top of page
Professor Carl D. Murray

Carl D. Murray

Astronomy Unit, School of Physical and Chemical Sciences, Queen Mary University of London

Carl is Emeritus Professor of Mathematics and Astronomy at Queen Mary University of London. He is a planetary scientist who is interested in all aspects of the dynamics of the solar system – from the evolution of dust particles to the stability of planets. He has a particular interest in the dynamics of Saturn's rings and their gravitational interactions with nearby moons. Carl has been a member of the Cassini Imaging Team since he was selected in 1990; he is the only UK member of the team. Asteroid (5598) Carlmurray is named in his honour.

Download Carl's CV, publications.

Credit: Queen Mary University of London


Credit: NASA/JPL/Space Science Institute

The discovery of the object "Peggy" at the edge of Saturn's A ring 
(April 2013)

Credit: NASA/JPL/Space Science Institute

The recovery of Saturn's moon Anthe (top left) and the discovery of its ring arc
(October 2007)

Credit: NASA/JPL/Space Science Institute

Saturn's F ring and the perturbing moon Prometheus
(June 2010)

Credit: NASA/JPL/Space Science Institute

Solar System Dynamics by C.D. Murray & S.F. Dermott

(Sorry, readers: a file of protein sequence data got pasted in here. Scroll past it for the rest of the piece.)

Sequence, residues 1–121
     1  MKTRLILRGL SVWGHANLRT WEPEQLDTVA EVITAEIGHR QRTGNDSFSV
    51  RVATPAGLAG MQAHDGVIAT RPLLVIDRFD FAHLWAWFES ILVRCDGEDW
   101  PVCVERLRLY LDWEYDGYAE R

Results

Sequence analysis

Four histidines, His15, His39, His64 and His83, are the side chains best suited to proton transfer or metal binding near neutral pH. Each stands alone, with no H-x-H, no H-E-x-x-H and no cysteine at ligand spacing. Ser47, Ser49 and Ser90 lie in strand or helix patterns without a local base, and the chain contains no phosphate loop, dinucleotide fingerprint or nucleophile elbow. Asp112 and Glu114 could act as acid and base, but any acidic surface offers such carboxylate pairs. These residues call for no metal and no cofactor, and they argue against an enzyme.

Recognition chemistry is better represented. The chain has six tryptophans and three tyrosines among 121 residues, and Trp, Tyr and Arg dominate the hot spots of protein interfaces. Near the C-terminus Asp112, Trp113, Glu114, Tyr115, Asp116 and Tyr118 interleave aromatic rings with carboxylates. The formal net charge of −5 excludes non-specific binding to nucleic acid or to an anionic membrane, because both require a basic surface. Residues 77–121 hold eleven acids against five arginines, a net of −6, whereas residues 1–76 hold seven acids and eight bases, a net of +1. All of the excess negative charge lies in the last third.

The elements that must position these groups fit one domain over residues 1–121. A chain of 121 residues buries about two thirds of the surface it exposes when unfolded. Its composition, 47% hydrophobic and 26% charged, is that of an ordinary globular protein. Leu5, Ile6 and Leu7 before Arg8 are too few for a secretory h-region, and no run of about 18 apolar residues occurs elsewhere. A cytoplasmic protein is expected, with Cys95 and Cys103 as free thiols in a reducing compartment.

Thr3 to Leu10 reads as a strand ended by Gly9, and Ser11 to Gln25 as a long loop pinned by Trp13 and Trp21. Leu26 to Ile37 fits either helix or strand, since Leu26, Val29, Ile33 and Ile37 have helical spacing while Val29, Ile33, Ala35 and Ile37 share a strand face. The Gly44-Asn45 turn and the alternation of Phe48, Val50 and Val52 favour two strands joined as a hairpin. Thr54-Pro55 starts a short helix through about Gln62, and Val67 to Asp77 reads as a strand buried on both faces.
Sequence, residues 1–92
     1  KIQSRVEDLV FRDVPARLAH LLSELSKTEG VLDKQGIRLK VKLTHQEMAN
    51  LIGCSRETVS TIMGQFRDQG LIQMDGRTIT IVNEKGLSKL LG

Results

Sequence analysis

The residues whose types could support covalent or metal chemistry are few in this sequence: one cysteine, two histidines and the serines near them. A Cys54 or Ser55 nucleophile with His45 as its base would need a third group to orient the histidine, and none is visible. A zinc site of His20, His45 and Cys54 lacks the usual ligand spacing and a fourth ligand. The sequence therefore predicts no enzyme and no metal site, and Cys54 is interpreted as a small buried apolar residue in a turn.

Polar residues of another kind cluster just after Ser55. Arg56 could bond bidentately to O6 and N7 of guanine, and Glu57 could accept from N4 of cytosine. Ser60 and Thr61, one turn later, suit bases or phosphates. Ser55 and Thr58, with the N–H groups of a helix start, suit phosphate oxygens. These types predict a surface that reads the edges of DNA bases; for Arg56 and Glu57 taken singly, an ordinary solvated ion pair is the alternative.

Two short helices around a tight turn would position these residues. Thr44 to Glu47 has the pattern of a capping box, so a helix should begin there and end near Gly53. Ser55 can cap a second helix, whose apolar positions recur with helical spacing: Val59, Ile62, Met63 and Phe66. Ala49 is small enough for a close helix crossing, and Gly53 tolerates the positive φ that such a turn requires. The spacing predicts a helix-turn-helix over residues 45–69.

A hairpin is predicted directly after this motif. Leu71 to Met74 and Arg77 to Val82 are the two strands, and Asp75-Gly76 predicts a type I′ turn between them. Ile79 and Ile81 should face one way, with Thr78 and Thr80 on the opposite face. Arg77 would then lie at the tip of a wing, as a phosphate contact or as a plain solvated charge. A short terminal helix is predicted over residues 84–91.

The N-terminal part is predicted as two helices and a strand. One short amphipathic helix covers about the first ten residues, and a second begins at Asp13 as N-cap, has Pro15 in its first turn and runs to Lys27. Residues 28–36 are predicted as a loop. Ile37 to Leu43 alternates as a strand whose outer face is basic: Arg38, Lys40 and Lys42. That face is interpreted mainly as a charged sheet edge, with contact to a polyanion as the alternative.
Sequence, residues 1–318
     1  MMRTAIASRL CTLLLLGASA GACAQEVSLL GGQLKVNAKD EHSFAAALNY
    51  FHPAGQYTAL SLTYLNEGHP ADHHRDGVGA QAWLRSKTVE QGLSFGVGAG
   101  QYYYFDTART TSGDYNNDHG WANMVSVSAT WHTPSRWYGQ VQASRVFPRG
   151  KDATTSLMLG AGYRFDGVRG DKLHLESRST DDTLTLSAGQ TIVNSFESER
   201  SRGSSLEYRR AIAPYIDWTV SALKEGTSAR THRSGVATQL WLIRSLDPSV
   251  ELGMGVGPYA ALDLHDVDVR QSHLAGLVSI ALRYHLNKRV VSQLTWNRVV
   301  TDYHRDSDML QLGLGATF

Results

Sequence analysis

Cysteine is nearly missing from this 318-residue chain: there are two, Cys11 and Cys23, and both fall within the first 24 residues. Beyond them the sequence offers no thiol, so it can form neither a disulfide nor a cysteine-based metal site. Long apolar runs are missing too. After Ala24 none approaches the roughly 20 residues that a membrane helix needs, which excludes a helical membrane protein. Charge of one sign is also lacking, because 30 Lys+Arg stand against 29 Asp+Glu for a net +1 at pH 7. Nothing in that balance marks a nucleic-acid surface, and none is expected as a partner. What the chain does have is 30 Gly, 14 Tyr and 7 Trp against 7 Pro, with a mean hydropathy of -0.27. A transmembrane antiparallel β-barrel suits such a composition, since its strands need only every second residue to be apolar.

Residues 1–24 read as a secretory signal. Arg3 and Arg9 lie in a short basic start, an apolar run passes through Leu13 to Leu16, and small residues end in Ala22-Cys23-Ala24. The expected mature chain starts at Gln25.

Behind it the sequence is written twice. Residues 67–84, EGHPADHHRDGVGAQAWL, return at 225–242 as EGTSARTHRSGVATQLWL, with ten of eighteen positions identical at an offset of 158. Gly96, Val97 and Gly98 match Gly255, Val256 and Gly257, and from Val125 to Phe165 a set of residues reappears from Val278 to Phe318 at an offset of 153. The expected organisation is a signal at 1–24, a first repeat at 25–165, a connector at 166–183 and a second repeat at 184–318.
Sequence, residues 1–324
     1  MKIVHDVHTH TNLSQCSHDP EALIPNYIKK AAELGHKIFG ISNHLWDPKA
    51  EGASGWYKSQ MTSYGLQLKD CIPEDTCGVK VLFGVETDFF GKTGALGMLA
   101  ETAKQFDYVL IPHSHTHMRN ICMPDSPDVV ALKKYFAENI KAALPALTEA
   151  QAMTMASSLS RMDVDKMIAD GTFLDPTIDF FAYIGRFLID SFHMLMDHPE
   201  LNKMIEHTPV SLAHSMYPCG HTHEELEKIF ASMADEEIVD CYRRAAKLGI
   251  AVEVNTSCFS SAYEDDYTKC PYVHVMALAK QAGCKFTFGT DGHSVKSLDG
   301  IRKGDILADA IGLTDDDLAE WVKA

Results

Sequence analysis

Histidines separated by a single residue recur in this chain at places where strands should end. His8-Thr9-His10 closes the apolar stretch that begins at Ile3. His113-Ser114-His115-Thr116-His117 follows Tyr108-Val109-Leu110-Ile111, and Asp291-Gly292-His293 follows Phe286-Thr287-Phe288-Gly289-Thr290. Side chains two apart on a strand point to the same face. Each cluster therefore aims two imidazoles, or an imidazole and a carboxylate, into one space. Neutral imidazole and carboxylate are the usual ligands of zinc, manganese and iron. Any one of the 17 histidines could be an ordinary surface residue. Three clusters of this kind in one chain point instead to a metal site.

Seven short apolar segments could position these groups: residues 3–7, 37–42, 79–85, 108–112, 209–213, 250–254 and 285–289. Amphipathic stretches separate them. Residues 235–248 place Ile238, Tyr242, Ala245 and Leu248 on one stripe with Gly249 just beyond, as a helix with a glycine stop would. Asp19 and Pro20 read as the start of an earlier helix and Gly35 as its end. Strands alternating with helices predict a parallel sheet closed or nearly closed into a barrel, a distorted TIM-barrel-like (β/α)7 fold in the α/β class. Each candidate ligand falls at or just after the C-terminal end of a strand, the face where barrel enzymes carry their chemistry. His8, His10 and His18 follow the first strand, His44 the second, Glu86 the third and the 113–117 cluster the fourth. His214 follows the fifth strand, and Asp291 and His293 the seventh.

Solar System Dynamics

Carl Murray and Stan Dermott are co-authors of the textbook, Solar System Dynamics, published by Cambridge University Press.


Matt Tiscareno and Carl Murray are co-editors of the book, Planetary Ring Systems, published by Cambridge University Press.

Planetary Ring Systems
Planetary Ring Systems
Planetary Ring Systems by Matt Tiscareno and Carl Murray
Planetary Ring Systems
disturbing function
Expansion of the Planetary Disturbing Function to Eight Order in the Individual Oribital Elements

In 1993 Carl Murray and David Harper published an explicit expansion of the planetary disturbing function in the individual orbital elements.  The expansion was generated using the Mathematica and Maple packages. The resulting 436-page book was produced as Volume 15 of the QMW Maths Notes series but it is no longer available.  As a service to astronomers interested in accessing this publication a PDF copy of the expansion has been made available here for downloading at no cost.  The Introduction provides more information about the expansion.  

Further details are available in the publication, "Disturbing function expansions" by D. Harper and C.D. Murray. Maple Technical Newsletter, Special issue, December 1994, 24–28. (1994). 

Click PDF icon to open

Contact Carl

Credit: NASA/JPL/Space Science Institute

bottom of page